There is significant testimony to the fact defendant had been drinking heavily on the evening of the shooting. His blood alcohol level after arrest was 0.17 percent.
Besides Gonzales, the shooting was witnessed by two other people in the bar. According to Mace, Cardona fell after the first few shots. He was then shot in the chest. In contrast, defendant testified that Cardona did not fall until the end of the shooting.
Defendant made incriminating statements to the officer who interviewed him after his arrest. These statements were tape-recorded.
“PROPOSITION 8” AND THE PRIVILEGE AGAINST SELF-INCRIMINATION
Five issues are raised on this appeal. We discuss only the first one as it requires reversal and new trial.
Defendant was called to testify on his own behalf. We will contrast his direct testimony with the subsequent impeachment which made use of his postarrest statements to an interviewing officer, Martin Espinoza, which were obtained in violation of Miranda. It is agreed his privilege not to give evidence against himself was violated at the interview; nevertheless, the statements he made at the interview were admitted to impeach his trial testimony—the theory of admissibility being that they could be used in this restricted fashion.
On direct examination defendant testified that he carried the gun because of Cardona's violent temper and reputation for always being armed:
“Q Why did you think you needed a gun when you were going to tell Rafael these things?
“A Well, I was afraid of it, because he always carried weapons. And he was a marijuana smoker.
“When he was under the influence he was very offensive, under the influence of that stuff.
“Q Did you think he would get angry with you if you talked to him about Theresa?
“Q Did you think that he would be armed when you met him somewhere in Porterville?
“A Yes, I worked with him for some time and I saw that he carried a gun.
“Q Why did you take the gun with you when you went to the bars to go dancing?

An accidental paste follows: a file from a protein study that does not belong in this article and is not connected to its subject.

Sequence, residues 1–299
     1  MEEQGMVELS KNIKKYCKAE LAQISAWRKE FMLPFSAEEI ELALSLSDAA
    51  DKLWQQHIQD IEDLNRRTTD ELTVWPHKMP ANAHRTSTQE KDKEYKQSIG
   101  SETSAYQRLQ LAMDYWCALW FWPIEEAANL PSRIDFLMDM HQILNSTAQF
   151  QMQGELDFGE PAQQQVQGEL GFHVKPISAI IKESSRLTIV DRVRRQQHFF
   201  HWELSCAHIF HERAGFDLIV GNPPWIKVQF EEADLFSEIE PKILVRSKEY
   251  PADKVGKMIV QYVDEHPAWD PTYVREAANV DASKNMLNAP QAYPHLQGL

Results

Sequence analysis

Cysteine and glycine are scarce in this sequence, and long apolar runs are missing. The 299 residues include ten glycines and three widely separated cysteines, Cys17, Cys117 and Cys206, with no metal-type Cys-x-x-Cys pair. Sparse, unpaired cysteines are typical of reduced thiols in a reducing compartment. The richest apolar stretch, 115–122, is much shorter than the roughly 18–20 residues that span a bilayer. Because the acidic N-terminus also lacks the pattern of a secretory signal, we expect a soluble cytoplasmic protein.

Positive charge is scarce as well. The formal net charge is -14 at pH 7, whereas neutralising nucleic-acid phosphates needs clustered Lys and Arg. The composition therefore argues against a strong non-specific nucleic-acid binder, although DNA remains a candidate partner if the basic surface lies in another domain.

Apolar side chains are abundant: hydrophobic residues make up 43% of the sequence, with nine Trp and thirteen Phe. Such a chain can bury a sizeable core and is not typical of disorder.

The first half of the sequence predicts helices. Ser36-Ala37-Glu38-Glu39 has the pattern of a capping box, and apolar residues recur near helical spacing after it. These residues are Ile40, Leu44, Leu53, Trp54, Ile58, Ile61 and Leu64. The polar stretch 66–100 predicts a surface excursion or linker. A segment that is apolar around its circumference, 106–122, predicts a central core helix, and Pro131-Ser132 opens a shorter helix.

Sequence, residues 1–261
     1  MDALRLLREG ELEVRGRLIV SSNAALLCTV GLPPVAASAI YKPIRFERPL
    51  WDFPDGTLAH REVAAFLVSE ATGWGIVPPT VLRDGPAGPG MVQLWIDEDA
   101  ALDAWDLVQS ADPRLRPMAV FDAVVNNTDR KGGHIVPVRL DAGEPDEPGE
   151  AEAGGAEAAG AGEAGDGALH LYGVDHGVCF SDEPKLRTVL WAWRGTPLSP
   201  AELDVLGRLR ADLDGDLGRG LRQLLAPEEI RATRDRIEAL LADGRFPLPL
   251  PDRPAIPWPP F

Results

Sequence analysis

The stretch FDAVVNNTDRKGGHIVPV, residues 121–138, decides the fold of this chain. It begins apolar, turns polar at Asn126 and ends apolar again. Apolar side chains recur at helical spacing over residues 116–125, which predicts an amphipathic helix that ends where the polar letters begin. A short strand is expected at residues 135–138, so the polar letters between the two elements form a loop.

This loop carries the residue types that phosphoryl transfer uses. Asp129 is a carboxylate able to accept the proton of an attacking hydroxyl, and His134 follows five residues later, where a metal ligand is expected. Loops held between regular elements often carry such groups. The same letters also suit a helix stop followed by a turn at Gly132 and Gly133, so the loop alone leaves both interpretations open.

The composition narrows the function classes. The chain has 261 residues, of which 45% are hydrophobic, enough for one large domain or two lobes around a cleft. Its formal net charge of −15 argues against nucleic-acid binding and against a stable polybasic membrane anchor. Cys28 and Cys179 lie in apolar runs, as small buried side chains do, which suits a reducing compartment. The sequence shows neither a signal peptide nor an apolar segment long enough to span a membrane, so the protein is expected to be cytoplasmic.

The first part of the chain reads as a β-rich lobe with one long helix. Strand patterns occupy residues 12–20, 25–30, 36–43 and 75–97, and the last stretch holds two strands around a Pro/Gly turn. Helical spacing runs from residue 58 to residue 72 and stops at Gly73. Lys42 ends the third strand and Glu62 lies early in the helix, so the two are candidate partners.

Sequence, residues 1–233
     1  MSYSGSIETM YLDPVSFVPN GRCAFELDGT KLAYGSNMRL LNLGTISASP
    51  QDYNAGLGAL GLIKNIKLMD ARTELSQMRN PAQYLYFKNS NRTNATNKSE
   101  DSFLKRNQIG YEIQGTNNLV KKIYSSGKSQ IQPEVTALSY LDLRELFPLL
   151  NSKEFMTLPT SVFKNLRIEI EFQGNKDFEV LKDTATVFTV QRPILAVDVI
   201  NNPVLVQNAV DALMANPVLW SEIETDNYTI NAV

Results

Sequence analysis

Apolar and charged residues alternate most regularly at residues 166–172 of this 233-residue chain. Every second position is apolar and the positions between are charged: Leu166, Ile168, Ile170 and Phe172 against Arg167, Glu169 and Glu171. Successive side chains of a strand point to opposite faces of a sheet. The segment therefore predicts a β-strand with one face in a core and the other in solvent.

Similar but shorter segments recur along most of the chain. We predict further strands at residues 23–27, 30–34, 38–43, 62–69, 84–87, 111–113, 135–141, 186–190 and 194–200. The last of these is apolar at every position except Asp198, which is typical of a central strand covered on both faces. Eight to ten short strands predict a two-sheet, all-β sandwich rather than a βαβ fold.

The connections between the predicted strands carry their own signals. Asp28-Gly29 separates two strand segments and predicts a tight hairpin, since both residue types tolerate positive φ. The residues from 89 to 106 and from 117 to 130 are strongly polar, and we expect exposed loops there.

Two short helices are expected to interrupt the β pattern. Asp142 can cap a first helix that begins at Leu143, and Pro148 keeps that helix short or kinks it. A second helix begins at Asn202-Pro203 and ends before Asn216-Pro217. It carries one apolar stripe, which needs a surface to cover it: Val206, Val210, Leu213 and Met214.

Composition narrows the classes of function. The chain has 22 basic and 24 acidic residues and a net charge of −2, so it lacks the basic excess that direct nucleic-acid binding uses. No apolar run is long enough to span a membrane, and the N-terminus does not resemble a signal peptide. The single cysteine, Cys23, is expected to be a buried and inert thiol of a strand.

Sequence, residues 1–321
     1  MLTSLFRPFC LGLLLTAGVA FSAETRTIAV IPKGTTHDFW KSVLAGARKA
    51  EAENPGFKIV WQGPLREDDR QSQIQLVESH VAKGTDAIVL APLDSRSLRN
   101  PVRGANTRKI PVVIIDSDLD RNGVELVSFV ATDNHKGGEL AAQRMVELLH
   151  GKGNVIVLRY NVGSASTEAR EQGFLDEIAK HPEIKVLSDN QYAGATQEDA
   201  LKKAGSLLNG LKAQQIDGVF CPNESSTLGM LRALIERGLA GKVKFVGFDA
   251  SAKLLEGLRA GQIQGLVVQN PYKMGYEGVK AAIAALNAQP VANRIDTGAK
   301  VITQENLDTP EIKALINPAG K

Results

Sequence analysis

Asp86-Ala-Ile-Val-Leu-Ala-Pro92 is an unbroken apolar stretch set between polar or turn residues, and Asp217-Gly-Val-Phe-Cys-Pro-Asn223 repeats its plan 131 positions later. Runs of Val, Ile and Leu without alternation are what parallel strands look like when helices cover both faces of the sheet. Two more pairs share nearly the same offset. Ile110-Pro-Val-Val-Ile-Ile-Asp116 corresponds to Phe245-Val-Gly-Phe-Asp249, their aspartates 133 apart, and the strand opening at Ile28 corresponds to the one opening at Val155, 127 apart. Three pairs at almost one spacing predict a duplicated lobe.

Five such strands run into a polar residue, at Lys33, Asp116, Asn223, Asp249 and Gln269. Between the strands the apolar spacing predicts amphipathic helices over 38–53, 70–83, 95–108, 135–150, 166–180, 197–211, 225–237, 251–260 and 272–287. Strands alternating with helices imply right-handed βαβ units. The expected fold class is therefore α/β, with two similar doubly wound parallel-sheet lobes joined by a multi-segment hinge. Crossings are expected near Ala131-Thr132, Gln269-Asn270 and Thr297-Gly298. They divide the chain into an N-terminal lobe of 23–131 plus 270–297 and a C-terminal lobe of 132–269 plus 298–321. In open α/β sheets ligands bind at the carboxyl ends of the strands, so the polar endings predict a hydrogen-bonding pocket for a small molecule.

“A Well, it wasn't really to take to the dance. I picked it up because—because I knew at any moment I was going to be meeting up with him, and I wasn't—I was afraid of him.”
The contrasting statements defendant made to police during the tape-recorded interview were used in rebuttal. The interviewing officer testified that he made out his report concerning the interview while reviewing the tape recording.
The officer's testimony reviewed statements made by the defendant which, although not a full confession of first degree murder, were tantamount to a confession. The district attorney relied heavily on them to discount the defense, and to bring about a first degree murder conviction. We quote some of the testimony.
“Q Did he tell you that if he took the gun with him it was because he was going to use it?
“A Yes. He said he was, as he put it, he was well prepared.
“Q Okay. Did he tell you actually say the words that if he took it it was because he was going to use it?
Officer Espinoza also testified that defendant said he knew how many bullets the gun held, and that he knew he had used them all on the victim. He never said he was going to the bars to dance. In fact, there is no dancing at the bar where the shooting took place. Defendant said he did not call the police after the shooting because he did not have any reason to do so.
We now quote some of the district attorney's argument to the jury.
“Next in line with the premeditation and deliberation we have the fact that the defendant told Officer Espinoza the day of the killing or the morning after the killing that he went to the Frontier Club, he went to the bars to look for Rafael Cardona.
“In fact, he got his gun, his loaded gun and he told Officer Espinoza that he never carried a gun, and he carried it on this particular occasion because he was gonna use it.
“If he was gonna carry it, he was gonna use it. He told Officer Espinoza that he was well prepared.
“Now, ladies and gentlemen, let's go down through the ways that the testimony has shown you that he did not have an hone[s]t belief in self-defense, and that he did not testify truthfully before you.
“The defendant in court when he testified, told you that he was not angry about Rafael Cardona coming over to his place.
“He told you that he wanted Rafael Cardona to stay, to stay with Theres[a], and to stay in Porterville, yet Manuel Barrios has told the police that he was upset at Rafael Cardona, and he felt that Rafael Cardona had humiliated the family, and he didn't want him around.
“Manuel Barrios told you that he wanted to go dancing. After he realized that Rafael had been to the house, he says, well I just want to go to the bars to go dancing.
“I used to be a dancehall director or something to that effect. Manuel Barrios, however, told the police that he wanted to go confront Rafael Cardona, and that if he was gonna carry a gun, it was because he was gonna use it.